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Have you ever bought something that is apparently “one size”, supposedly that will fit all shapes and bodies, only to try it on and find that it obviously doesn’t fit?

It’s pretty rare that a one-size-fits-all approach works in any situation so why are we surprised that it’s the same with mental health?

Trevor Rees receives outreach support from an outreach support worker and has been happy ever since. Even though it took him a few tries to find the right support worker for him, when he met Debby, he knew she was the one!

“It’s quite a long story, but things were deteriorating quite badly. But through the help of my support network, friend, family, psychiatrists, I got onto the NDIS (the National Disability Insurance Scheme) and that introduced me to Richmond Wellbeing. A couple of support workers later I found Debby. It’s all been a real improvement ever since – leaps and bounds.”

What exactly does Debby do for you?

“Most of the time it’s general counselling, helping me unload the stresses of the week. But it’s been other things like helping me develop a meal plan – I have so much less anxiety knowing I’ve got food for the week. I’ve been eating better and she’s helped me get into exercise.”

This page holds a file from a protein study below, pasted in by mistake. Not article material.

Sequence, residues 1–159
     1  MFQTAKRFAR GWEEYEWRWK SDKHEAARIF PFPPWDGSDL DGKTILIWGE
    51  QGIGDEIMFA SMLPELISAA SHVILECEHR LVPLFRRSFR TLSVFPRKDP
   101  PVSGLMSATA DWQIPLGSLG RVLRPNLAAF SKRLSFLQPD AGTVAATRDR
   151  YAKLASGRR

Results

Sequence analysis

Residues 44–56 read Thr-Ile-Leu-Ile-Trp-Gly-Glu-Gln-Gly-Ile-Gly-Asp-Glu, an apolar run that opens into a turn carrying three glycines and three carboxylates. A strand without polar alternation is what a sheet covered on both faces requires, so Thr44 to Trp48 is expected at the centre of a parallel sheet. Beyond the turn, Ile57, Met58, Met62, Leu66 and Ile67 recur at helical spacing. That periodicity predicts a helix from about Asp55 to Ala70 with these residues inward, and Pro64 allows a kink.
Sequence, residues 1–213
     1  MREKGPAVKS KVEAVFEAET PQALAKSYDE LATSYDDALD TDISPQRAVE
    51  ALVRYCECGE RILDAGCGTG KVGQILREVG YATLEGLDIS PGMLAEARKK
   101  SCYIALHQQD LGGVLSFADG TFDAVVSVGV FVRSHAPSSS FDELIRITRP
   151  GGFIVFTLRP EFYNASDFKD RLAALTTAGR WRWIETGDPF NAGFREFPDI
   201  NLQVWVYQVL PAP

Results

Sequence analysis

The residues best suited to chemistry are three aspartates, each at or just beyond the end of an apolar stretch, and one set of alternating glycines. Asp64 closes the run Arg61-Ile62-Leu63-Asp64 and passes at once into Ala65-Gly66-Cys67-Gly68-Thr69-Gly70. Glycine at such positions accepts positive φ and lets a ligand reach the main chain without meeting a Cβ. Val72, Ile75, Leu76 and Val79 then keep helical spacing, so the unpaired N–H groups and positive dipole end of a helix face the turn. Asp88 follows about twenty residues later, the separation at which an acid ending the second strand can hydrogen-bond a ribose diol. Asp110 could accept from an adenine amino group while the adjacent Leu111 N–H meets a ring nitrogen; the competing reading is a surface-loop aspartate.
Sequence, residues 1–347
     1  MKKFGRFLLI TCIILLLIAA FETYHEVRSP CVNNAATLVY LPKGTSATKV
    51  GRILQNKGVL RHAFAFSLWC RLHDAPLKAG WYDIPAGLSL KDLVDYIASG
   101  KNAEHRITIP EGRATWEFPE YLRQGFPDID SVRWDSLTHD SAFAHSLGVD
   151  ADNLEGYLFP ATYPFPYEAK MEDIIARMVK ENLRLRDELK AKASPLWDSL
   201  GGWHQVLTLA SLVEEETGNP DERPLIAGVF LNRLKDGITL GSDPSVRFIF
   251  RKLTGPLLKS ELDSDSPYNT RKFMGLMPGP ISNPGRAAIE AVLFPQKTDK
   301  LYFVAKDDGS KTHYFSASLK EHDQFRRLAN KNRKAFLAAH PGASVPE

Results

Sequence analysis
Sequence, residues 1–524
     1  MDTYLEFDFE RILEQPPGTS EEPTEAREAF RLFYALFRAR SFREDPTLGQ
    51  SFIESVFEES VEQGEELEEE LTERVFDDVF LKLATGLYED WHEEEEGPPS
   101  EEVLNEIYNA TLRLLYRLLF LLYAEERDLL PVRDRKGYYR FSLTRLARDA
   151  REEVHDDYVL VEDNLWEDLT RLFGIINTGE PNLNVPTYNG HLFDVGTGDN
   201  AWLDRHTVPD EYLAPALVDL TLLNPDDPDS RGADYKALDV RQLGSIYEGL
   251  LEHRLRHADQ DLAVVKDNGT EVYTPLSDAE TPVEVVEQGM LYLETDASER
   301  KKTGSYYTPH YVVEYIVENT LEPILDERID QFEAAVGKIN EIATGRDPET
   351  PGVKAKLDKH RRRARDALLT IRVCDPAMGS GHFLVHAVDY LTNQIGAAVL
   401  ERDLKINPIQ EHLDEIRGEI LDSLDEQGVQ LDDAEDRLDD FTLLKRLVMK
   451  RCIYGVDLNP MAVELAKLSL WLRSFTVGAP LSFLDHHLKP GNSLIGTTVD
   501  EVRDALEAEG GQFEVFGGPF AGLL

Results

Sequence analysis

How did you get onto the NDIS?

“It was my mum and sister that actually helped me come to the decision that I needed extra support. I was deteriorating quite badly towards the end of last year and my sister was already on NDIS so she recommended it to me.”

How has your life changed since?

“Dramatically so! I’m actually able to think clearer, I’m able to process emotions better… my depression has gone from weeks of bad behaviour right through to now I might have a bad day but the next day I’m perfectly fine. Things have definitely improved all the way around my life.”

Far less men than women seek extra support, do you have any advice for men who aren’t travelling well?

“In your own mind, you may think you can use your own mentality to get through problems such as depression and anxiety. But think of it like this: if you twist your ankle, you wanna stay off of it for a while. It’s the same with your mind, but instead of seeing a GP, you see a psychiatrist to heal. It’s just another organ of the body. It does get sick and does have problems. The most effective way of dealing with that is to talk about it so the psychiatrist can find out what’s causing it. This doesn’t necessarily mean you’ll go on medication! But hey, if you do, it’s not the end of the world. In fact, I found the moment I went on medication, my life improved magnitudes of betterment. So the idea is, just think of the mind like another part of the body who needs specialists to look at it and when it gets sick, you fix it. If you try and brush it under the rug, it will pop out at the most inconvenient times.”

If you or someone you know needs help talk to Richmond Wellbeing, your GP or health professional, for a 24/7 crisis service call Lifeline on 13 11 14.

Have a listen to Trevor share his story below:

Tune in The Morning Show with Bec all this week to hear real-life mental health stories. Check out all our resources for Mental Health Week Here.

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